But is tribe too compelling for the transforming power of the gospel in Kenya? Many Christians were forced to re-examine their faiths. What did it really mean to be a Christian? Is allegiance to my tribe more important than allegiance to my local church? What role can the church play to ensure that 2013 will not resemble 2008? Are peace walks, peace placards, peace concerts, and peace conferences enough? Or is there more? Many Christians in Kenya view these election with a pensive mood. Church leaders have become unusually less vocal on their political views. But this does not bother me so much as the scarcity of the gospel message in many sermons about peace in many churches.

We sincerely plea for peace in the weeks following these elections. We may be divided on whom we want to be the next president, but we are united in echoing this prayer in our national anthem: May we dwell in unity, peace, and liberty.”

And we call on Christians from across the world to echo this prayer for peace. Pray for peace that is not just superficial or temporal, but a lasting peace that finds its root and foundation in the preaching of Jesus Christ crucified.

Don’t Mess With Her, Man

Male leadership in the church and the home is designed by God to be characterized by tender strength, courageous protection, and self-giving devotion. Male authoritarianism is about neither. Indeed, it’s a pathetic distortion that broadcasts a gospel lie (Eph. 5:32).

Today is the United Nations International Day for the Elimination of Violence against Women, a fitting occasion to rehearse some of God’s thoughts on the matter. As it turns out, he has quite a lot to say about (and to) the sort of men who would ever dare harm their brides. Consider just a sampling:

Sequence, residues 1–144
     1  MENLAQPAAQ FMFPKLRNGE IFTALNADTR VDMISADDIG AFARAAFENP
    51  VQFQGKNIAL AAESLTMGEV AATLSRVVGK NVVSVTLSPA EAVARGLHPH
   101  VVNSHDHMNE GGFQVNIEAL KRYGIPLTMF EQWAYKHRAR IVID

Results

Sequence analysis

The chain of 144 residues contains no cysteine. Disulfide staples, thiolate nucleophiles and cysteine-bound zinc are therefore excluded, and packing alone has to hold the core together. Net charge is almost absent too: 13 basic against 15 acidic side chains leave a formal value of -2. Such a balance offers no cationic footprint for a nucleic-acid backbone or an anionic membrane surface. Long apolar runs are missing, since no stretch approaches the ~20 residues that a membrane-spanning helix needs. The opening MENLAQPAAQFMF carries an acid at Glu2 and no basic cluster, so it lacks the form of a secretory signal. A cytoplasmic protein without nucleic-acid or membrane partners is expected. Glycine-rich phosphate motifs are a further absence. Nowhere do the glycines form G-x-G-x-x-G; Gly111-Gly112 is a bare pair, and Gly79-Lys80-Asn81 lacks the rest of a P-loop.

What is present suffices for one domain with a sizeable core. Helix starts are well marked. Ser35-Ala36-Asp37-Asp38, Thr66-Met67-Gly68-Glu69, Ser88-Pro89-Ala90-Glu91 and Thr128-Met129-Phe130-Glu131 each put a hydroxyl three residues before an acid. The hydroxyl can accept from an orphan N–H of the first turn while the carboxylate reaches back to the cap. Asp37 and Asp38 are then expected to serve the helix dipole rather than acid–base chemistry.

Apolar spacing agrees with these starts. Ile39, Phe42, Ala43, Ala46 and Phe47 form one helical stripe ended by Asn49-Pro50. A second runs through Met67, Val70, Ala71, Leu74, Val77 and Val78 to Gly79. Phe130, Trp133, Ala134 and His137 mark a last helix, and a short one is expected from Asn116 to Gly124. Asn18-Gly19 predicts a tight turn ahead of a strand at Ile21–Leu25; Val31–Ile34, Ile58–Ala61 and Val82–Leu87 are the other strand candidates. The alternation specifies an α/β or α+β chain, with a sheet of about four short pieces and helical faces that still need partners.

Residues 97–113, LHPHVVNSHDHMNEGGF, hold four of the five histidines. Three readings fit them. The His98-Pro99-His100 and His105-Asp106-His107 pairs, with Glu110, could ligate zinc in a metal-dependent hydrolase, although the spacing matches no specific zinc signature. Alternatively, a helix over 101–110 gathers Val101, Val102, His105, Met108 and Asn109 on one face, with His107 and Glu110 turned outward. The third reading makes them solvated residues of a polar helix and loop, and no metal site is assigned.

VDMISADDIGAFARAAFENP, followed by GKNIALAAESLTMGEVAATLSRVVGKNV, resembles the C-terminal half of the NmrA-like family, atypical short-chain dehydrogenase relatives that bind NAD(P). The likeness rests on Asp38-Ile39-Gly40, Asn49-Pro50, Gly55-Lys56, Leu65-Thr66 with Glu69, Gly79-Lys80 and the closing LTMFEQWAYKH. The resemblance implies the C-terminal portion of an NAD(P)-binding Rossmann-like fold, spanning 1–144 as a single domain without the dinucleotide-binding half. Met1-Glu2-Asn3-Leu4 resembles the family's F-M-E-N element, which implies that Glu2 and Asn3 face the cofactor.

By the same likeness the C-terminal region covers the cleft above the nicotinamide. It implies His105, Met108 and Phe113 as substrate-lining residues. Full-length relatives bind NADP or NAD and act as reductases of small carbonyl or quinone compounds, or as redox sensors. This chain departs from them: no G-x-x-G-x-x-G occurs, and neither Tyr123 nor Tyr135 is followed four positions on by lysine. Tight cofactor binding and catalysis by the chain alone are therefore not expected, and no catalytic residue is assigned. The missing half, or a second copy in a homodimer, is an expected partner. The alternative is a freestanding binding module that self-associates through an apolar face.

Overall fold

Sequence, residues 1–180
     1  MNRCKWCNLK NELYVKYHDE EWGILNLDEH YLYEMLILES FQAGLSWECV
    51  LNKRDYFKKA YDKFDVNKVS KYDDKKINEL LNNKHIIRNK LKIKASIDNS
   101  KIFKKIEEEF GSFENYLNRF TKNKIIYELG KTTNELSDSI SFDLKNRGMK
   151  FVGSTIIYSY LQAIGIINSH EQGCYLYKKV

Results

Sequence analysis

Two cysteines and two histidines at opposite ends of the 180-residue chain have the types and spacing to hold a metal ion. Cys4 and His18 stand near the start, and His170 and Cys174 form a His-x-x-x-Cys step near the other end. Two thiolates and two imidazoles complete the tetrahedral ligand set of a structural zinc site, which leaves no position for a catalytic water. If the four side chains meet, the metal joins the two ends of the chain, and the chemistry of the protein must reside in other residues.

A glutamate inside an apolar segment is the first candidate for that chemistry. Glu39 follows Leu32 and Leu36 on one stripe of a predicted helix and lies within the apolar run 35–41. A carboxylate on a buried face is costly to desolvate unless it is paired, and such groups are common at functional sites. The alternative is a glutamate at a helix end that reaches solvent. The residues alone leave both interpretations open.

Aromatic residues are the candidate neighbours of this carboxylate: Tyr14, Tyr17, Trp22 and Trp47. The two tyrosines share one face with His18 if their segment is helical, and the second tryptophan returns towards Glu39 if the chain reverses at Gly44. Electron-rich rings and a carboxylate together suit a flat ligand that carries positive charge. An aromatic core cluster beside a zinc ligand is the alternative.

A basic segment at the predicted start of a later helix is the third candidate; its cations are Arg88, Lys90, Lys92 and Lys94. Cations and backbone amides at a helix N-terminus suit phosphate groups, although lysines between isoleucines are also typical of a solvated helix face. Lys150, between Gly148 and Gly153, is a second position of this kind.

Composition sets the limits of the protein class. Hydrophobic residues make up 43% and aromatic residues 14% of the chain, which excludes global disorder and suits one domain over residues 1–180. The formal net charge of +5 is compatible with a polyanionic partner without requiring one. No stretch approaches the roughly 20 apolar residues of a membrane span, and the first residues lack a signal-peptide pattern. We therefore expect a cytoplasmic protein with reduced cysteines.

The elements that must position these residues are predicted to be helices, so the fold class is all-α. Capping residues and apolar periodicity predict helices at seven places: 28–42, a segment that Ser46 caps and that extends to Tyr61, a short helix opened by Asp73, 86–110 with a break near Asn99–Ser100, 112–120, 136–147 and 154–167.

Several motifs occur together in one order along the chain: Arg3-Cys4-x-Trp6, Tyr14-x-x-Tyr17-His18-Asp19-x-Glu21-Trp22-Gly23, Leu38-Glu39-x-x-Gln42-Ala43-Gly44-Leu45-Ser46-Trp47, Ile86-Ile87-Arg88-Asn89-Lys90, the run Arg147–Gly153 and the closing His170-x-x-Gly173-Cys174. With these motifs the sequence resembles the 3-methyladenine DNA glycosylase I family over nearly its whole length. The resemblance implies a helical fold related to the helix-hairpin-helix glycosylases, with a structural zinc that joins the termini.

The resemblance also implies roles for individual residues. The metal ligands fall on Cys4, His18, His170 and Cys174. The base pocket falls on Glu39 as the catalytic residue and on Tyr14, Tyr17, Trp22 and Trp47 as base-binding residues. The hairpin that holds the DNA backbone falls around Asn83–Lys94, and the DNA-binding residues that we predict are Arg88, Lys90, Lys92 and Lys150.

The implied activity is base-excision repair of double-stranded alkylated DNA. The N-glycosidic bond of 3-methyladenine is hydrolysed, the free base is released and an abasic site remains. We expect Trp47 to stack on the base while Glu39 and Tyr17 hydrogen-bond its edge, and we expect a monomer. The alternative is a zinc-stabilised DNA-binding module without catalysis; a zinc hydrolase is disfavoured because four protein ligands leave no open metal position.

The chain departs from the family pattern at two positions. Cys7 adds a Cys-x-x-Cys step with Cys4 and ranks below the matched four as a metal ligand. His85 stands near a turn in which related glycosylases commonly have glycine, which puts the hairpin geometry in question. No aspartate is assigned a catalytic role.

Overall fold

“Husbands, love your wives, and do not be harsh with them” (Col. 3:19).

“Likewise, husbands, live with your wives in an understanding way, showing honor to the woman as the weaker vessel, since they are heirs with you of the grace of life, so that your prayers may not be hindered” (1 Pet. 3:7).

“But understand this, that in the last days there will come times of difficulty. For people will be lovers of self . . . proud, arrogant, abusive . . . heartless, unappeasable, slanderous, without self-control, brutal, not loving good, treacherous, reckless, swollen with conceit, lovers of pleasure rather than lovers of God, having the appearance of godliness, but denying its power. Avoid such people” (2 Tim. 3:1-5).

“Love is patient and kind; love does not envy or boast; it is not arrogant or rude. It does not insist on its own way; it is not irritable or resentful. . . . Love bears all things, believes all things, hopes all things, endures all things” (1 Cor. 13:4-7).